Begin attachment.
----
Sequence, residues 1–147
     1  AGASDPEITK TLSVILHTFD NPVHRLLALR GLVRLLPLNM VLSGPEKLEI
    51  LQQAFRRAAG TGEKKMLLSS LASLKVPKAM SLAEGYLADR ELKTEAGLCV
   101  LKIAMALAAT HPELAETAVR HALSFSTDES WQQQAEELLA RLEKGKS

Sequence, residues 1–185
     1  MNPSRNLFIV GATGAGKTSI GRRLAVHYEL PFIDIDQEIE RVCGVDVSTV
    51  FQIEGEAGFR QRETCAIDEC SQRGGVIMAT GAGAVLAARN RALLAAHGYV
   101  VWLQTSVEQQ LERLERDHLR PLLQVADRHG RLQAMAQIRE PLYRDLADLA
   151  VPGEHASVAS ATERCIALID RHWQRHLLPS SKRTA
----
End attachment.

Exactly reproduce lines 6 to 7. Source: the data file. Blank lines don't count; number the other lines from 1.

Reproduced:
     1  MNPSRNLFIV GATGAGKTSI GRRLAVHYEL PFIDIDQEIE RVCGVDVSTV
    51  FQIEGEAGFR QRETCAIDEC SQRGGVIMAT GAGAVLAARN RALLAAHGYV